Defense News, By Christopher P. Cavas, 10 April 2017
Switch to an FFG design would add area air defense capability
Washington – The U.S. Navy is taking a hard look at upgrading its future frigates to protect other ships from anti-air threats in addition to defending against undersea and surface enemies. The move would be a significant enhancement in the effort to develop a frigate from existing littoral combat ship (LCS) designs.
A study group called the Requirement Evaluation Team (RET) has been formed to examine how to add a local air defense capability to the frigates to protect Combat Logistics Force ships – the supply and support ships that bring fuel, ammunition, spare parts and food to warships at sea. The frigate design as currently envisioned is armed with anti-missile and anti-aircraft missiles, but only to protect itself.
The goal, according to a draft document, is – at a minimum – to double the loadout of Evolved Sea Sparrow Missiles (ESSM) Block 2 from 8 to 16 or incorporate a Mark 41 vertical launch system with at least 8 Standard SM-2 missiles. The SM-2 is one of the primary anti-air weapons carried by the fleet’s Aegis destroyers and cruises.
SM-2 would require a more capable command and control system, and the RET is considering the addition of a variant of the new Enterprise Air Surveillance Radar under development by Raytheon for Ford-class aircraft carriers and big-deck amphibious ships. The ship would also have the Cooperative Engagement Capability, a high-quality networking system that ties together sensors and weapons carried on multiple ships, aircraft or shore installations into an integrated fire control system.
Taken together, the enhanced anti-air capabilities would change the Navy designation for the ships from FF, meaning frigate, to FFG – guided missile frigates able to provide area air defense.
“We see an opportunity to increase our AAW [anti-air warfare] capability – which falls under the category of lethality – within a reasonable trade space for our future frigate,” Sean Stackley, acting secretary of the Navy, told Defense News April 5.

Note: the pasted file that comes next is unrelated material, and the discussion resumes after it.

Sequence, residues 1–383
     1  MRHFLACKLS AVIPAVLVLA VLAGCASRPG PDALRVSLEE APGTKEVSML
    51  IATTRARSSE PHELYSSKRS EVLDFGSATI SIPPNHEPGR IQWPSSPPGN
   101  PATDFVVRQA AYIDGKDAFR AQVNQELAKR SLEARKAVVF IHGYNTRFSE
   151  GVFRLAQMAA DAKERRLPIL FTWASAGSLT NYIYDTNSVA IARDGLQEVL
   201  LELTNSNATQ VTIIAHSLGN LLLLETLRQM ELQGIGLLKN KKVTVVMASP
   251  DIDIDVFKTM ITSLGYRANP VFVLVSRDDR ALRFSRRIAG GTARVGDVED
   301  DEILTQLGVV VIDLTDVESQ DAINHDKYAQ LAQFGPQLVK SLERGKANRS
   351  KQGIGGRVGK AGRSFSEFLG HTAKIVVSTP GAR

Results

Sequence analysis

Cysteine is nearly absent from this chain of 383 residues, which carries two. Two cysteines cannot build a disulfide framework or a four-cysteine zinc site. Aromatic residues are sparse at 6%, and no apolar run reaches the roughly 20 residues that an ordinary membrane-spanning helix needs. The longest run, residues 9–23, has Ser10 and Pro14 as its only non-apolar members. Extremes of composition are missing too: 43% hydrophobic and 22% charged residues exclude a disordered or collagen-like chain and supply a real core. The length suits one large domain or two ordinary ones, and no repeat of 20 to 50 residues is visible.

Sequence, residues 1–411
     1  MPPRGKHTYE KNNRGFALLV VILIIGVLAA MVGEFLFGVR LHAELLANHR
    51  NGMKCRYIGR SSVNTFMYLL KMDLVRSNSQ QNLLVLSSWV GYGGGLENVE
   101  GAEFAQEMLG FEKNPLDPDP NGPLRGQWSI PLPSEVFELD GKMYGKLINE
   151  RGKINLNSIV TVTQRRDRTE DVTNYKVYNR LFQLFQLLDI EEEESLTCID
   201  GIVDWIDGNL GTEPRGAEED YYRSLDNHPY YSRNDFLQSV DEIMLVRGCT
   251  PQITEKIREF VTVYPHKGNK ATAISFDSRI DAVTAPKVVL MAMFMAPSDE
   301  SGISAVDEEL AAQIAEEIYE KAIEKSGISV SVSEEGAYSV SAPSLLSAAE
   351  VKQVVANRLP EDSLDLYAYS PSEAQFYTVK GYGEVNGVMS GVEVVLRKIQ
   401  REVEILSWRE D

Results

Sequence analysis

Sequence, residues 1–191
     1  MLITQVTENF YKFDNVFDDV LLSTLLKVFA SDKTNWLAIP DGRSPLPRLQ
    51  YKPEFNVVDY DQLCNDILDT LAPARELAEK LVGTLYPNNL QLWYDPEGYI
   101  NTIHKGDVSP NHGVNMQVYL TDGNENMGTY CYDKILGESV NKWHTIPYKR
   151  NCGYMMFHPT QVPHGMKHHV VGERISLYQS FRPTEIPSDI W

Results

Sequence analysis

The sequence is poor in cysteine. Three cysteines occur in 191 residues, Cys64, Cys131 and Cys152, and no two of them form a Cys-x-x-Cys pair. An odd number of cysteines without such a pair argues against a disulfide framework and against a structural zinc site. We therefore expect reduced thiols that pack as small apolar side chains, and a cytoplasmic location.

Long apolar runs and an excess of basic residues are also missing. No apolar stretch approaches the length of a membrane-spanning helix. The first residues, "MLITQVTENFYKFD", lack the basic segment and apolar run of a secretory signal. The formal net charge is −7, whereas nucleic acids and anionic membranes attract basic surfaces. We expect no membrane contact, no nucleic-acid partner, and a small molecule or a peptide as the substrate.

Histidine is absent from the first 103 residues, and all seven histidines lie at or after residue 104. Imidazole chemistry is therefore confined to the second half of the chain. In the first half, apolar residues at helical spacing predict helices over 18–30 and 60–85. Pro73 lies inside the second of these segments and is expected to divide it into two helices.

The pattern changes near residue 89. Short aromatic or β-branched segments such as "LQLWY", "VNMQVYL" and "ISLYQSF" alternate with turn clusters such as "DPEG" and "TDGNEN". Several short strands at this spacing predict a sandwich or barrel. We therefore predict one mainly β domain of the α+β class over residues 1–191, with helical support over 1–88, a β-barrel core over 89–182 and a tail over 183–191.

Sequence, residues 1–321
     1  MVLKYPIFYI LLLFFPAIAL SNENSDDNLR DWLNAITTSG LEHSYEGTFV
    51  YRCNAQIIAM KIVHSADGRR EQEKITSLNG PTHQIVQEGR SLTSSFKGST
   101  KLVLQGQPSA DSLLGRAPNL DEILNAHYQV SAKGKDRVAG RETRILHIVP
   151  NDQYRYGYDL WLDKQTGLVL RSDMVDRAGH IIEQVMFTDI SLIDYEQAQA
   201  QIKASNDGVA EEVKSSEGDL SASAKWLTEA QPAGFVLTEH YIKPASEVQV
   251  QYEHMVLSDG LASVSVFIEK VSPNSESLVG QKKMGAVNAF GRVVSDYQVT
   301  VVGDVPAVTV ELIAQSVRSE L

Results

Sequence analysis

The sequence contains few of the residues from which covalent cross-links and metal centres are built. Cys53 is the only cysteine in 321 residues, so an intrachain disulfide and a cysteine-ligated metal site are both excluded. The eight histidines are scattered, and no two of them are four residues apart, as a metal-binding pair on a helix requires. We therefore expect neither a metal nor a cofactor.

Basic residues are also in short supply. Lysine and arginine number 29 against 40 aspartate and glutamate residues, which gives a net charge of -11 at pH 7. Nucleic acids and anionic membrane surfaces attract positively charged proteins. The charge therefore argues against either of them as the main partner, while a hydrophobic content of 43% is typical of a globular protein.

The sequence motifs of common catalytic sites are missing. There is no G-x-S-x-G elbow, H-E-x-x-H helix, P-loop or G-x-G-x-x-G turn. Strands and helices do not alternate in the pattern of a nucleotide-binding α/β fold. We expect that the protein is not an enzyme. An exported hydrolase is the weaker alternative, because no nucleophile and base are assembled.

“We think we have a good solid baseline in the requirements document” developed for the frigate, he said, “but we are looking at that lethality aspect, which is the AAW component. We’re looking at further increases to survivability, and we’re looking at endurance, pushing the envelope. And as always we’re going to balance that against technical risk and cost. We’re going to do this in a competitive environment.”
Both builders of the littoral combat ship, Lockheed Martin and Austal USA, have developed frigate variants of their LCS designs in anticipation of the Navy issuing a formal request for proposal, which had been expected in the fall. The switch from an FF to an FFG design would likely involve significant redesign of each company’s frigate proposal, which could push back the RFP.
“I don’t want to get pinned down on a date” to issue the RFP, Stackley said. “Obviously we want to get through the requirements first. But we want to get it out this fiscal year,” which ends Sept. 30.
The FFG, according to the draft document, would also have enhanced survivability characteristics “to a level commensurate with the FFG 7 class” – referring to the Oliver Hazard Perry guided missile frigates developed in the 1970s that joined the fleet throughout the 1970s and 1980s. The last of those ships was decommissioned in 2015.